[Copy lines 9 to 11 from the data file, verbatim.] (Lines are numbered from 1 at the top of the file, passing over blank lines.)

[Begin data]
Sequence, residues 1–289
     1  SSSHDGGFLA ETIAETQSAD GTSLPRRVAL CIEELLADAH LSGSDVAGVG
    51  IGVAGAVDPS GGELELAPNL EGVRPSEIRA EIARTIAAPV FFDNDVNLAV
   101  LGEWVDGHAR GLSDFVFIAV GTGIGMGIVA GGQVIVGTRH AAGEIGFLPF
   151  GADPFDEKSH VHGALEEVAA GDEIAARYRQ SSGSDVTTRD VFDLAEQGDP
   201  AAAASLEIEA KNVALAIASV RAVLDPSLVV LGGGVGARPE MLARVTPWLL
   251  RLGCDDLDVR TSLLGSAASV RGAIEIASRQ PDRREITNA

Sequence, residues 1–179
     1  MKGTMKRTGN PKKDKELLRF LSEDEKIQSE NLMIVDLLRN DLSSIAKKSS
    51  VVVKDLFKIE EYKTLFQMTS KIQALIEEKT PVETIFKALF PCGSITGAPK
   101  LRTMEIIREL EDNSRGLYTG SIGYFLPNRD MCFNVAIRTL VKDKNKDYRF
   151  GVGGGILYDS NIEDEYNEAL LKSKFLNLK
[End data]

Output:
     1  MKGTMKRTGN PKKDKELLRF LSEDEKIQSE NLMIVDLLRN DLSSIAKKSS
    51  VVVKDLFKIE EYKTLFQMTS KIQALIEEKT PVETIFKALF PCGSITGAPK
   101  LRTMEIIREL EDNSRGLYTG SIGYFLPNRD MCFNVAIRTL VKDKNKDYRF